7. Duke_Newcombe-Making children and adults as fat as pigs says:

    Well then. It solved a consumer complaint in their favor. Which means that IT’S TOO POWERFULLLLL!!!! We must eliminate it IMMEDIATELY!!111

  8. buddhalite says:

    I have an excellent track record with companies whom others have complete disdain for their operations.

    Why? Here’s the issue. Most people complain for the sake of being heard. You need to learn the art of the complaint. You need to be specific in reporting the problem, you need to name names and record exact events, dates and times. You must be the ears and eyes of management – and then you must propose the proper solutions.

    Who ever heard of closing an account without anything in writing? I surely close all accounts in writing, and if I must do by mail – I send it certified. You must protect yourself.

    To then come back a few years later and whine…I am lost. The OP says “while I was simultaneously trying to contact the closest branch to see if they could help me over the phone, I filed a complaint with the new CFPB.” So….you didn’t give the proper folks the information – you tried yourself, which was too much work, and decided the great big wonderful Government should rush in and save you. Great work there, by the way.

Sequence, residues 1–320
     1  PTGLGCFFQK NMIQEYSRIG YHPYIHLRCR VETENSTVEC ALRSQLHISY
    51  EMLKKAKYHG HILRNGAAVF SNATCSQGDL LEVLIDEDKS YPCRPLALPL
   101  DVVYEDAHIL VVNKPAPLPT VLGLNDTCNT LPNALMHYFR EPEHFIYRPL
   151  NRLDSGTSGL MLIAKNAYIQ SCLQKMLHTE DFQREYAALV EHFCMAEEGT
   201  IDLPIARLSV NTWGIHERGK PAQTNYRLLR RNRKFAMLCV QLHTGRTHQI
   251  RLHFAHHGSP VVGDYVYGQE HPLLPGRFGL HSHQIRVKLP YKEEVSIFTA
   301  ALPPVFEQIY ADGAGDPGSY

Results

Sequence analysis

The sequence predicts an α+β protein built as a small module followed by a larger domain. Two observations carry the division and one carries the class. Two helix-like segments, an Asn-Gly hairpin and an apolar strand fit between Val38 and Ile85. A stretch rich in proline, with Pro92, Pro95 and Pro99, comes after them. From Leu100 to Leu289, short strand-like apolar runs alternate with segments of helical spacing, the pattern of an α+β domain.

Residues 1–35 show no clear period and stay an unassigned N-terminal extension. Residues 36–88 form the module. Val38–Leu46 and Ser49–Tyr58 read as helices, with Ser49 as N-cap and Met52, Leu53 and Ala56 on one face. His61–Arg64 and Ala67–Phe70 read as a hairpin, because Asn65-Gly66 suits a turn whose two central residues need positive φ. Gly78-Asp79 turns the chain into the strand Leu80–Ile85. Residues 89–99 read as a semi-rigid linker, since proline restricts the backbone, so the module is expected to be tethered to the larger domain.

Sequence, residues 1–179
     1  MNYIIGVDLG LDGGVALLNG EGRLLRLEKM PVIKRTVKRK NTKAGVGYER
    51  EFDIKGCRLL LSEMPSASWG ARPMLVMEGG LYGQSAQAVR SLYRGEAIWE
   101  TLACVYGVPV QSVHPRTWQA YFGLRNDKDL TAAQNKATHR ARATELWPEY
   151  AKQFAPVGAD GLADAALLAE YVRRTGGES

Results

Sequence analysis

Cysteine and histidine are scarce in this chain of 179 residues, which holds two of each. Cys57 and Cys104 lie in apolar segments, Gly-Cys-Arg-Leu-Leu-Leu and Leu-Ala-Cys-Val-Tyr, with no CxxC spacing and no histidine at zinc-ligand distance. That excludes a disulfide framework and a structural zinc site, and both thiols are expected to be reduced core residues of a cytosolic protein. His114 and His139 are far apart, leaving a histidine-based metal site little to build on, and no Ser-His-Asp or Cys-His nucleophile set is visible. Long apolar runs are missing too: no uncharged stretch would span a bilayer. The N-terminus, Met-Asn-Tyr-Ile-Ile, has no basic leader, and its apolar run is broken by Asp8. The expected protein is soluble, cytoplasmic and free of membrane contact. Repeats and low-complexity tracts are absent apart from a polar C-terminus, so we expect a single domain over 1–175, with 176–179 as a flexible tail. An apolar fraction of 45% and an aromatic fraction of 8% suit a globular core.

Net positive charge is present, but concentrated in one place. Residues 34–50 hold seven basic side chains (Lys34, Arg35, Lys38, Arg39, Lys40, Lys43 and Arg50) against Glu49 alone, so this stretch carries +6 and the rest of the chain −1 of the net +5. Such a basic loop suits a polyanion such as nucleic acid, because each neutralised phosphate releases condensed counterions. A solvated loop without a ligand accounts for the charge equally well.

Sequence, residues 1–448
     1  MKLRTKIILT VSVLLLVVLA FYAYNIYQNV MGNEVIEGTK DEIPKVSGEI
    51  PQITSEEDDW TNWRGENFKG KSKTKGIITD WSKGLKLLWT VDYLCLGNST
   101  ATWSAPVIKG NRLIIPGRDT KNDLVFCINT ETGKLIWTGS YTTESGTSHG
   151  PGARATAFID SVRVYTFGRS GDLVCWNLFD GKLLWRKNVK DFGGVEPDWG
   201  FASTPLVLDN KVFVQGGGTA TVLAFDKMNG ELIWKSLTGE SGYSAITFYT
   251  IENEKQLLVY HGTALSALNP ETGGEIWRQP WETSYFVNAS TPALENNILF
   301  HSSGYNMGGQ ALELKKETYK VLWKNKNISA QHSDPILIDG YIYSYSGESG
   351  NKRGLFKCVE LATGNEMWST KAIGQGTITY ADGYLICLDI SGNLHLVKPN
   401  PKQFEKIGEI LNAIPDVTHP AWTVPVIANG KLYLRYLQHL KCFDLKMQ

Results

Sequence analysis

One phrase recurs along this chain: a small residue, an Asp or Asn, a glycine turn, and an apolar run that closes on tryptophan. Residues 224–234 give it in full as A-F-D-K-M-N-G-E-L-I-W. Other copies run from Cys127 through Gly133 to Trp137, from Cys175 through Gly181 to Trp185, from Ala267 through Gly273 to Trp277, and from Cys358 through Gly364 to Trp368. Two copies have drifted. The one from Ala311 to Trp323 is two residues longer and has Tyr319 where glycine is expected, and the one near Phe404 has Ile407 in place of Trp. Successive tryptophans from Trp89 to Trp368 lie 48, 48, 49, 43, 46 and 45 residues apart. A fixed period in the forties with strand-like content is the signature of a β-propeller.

If the OP had just taken the proper tact with this from the start, the CFPB would be unnecessary and made redundant with expediency.

    • Aking0667 says:

      That is total BS, most companies just want the cheapest way out and will take that way out.

    • bjcolby15 says:

      @ buddhalite:

      You’re correct, but when you try to complain several times – no matter how well you can – and you don’t get heard and get brushed off, what other resources do you have?

      In this case, the CFPB did a pretty good job in resolving a long-standing thorn in a consumers’ side. No complaints from me here.

  9. q`Tzal says:

    Big bad Big Brother is bad, bad bad when badgering citizens but
    better than sliced bread when battling beastly businesses.

    sorry, too much caffine.

  10. PhilipCohen says:

    Now, how abut they pay a little attention to that most clunky and unscrupulous of all “financial operations”, eBay’s ugly adopted daughter, PreyPal …